Project Nomads - PC - Review
When stranded on an island of rock floating in the sky, and with friends captured by the enemy, there is only one thing any hero-wannabe can do: resurrect a member of an extinct race from a long slumber, and build or forge new machinery to enable that rock to become your vehicle.
Project Nomads, a release from CDV and Radon Labs for the PC, is the type of program that combines elements of several genres, and then sets them against a rich backdrop with excellent graphical elements.
The story begins in the years following a huge explosion which ripped apart the world of Aeres and set it as numerous islands floating in a sea of clouds. The Sentinels are the top fish in this pond, but are ruthless pirates who plunder the remaining settlements. There is evil afoot, and it is up to one of three characters to stop them. Sent on a dangerous mission to recover some arcane artifacts from an island, the intrepid trio is assaulted by a squadron of Sentinel fighters. Hopeless outclassed and outgunned (this is akin to jet fighters taking on WWI biplanes), the fight is quickly over. One of the planes crashes on an island, its pilot presumed dead. The Sentinels capture the other two. But the pilot of the crashed plane is anything but dead. And the crashing of the plane has awakened a Master Builder, one of the old races, who was put into a deep sleep by the Sentinels.
Basaltface is fixed on revenge. Your avatar (you can choose from three a man, a woman or a gigantic muscular creature that looks like it was carved from rock) is bent on rescue his or her friends. But first things first and that means getting some motion in the island. Basaltface gives the hero two artifacts, one to create a lighthouse, the other to create a watchtower.
Herein the game diverges into an RTS/FPS formula. You need to build up your island, equip it, guard your lighthouse (if it is destroyed, you lose), and maneuver through this realm. The game is also a shooter. You can build gun towers (where you position them is important), and then take them over to ward off aerial assaults.
Perhaps the biggest drawback to this game is that it basically is an RTS/FPS game. The setup to the game is wonderful, and the graphical elements are also unique. But then the game settles for average gaming.
The world of Aeres is richly textured and lushly rendered. And the game’s soundtrack is solid. The game tends to alter from a 3D look in normal gameplay to a forced 3D (from two dimension) look in construction. But the environmental elements, with the real-time shadings and wonderful weather effects, really bolster the game’s appeal.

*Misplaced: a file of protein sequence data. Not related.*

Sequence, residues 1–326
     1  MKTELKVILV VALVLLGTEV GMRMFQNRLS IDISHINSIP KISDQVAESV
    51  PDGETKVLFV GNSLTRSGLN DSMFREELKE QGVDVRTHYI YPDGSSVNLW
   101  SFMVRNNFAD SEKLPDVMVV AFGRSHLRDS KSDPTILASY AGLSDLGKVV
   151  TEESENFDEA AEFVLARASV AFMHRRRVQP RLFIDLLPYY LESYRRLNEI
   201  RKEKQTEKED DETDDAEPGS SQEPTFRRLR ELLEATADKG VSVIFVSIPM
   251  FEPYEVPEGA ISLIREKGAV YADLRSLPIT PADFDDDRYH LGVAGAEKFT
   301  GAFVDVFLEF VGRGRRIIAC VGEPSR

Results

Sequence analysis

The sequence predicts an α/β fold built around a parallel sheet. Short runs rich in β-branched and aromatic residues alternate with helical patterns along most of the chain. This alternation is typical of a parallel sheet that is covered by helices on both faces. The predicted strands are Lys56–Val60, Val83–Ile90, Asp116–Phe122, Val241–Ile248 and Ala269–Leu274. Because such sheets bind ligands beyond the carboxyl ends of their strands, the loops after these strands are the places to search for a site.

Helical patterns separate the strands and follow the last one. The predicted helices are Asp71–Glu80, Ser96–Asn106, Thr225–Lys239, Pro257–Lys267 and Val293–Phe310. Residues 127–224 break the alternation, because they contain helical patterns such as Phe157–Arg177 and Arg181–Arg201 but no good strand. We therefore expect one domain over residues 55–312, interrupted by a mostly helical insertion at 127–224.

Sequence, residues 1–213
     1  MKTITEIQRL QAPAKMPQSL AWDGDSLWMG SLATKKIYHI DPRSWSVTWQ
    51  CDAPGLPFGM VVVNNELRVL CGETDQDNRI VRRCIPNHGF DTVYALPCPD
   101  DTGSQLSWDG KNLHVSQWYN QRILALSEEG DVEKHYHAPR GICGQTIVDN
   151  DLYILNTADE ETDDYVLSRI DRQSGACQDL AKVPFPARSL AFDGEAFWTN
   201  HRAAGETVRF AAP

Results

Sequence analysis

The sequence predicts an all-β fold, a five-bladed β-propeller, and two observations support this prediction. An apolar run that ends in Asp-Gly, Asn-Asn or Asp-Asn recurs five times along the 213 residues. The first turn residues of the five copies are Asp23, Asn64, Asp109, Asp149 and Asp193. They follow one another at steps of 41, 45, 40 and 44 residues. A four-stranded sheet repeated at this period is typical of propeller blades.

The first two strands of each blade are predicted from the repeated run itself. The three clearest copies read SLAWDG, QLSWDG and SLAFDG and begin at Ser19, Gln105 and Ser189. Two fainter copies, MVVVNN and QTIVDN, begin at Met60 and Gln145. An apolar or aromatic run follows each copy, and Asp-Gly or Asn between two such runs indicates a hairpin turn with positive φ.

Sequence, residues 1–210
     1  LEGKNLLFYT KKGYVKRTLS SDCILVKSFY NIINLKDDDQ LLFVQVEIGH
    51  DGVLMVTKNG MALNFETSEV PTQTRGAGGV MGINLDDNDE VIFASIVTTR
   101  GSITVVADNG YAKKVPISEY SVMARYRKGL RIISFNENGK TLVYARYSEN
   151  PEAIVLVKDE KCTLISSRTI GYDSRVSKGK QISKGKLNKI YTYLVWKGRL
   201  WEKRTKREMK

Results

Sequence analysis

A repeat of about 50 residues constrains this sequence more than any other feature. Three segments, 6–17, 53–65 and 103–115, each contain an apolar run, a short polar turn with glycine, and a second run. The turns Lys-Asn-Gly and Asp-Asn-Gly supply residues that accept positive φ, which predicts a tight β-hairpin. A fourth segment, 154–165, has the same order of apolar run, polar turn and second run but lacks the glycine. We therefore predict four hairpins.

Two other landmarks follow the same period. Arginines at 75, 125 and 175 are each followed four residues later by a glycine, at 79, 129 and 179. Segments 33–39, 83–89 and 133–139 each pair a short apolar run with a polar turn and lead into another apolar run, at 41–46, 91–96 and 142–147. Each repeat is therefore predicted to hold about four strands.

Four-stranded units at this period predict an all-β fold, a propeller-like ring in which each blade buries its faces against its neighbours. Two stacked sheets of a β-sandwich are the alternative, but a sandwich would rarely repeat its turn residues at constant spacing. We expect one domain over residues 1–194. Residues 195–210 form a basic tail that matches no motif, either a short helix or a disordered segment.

The game does boast a lot of game play, though most of it seems repetitive by the very nature of the missions. Each character has different strengths and weaknesses and there are approximately 28 playable missions over three progressively difficult levels.
As for the multiplayer aspect, though it is primarily a LAN-based deathmatch, you can import the island you have created in the single-player game into the multiplayer combat scenario to see how tough it really is.
Project Nomads has vision and a creatively amazing environment. More should have been done with it in terms of gameplay. Still, this game is a challenge and a visual treat.
This review copy of the game did not carry a rating.
The game features a variety of cutscenes which interrupt the flow of the game, and like most RTS programs, you will have to spend construction time.
Some of the elements of this game are amazing while others seem to falter a bit. The islands are remarkable, but Basaltface’s rendering seems a bit weak in comparison to the main avatar’s design. The animation is well done.
The vocal acting is solid, as is the special effects and music.
There is a bit of a learning curve here in understanding the control elements, but once you take the 15-20 minutes to get them down, the game is remarkably easy to work through. However, the challenge lies in building up your island, recovering artifacts and fending off Skrit hordes bent on your destruction.
The story has a wonderful concept and vision. The player interface is also easy to navigate through once you have a feel for the game.
The multiplayer game is more-or-less a deathmatch played over a LAN. Up to eight players can participate on one of 15 game maps. The goal is to fly your islands around, collect artifacts, build and attack. The one left standing wins. Though the gameplay is somewhat standard, the nature of this game gives this aspect a unique feel.
This game is like a fascinating combination of arcane magic and technology in a shooter world where real-time strategy counts. It has a few faults, but nonetheless intrigues, is a visual treat and presents a solid challenge in both the RTS and FPS realms. If there are any drawbacks to the game is that it sets up a great premise with wonderful graphics, then becomes a somewhat typical shooter/strategy game.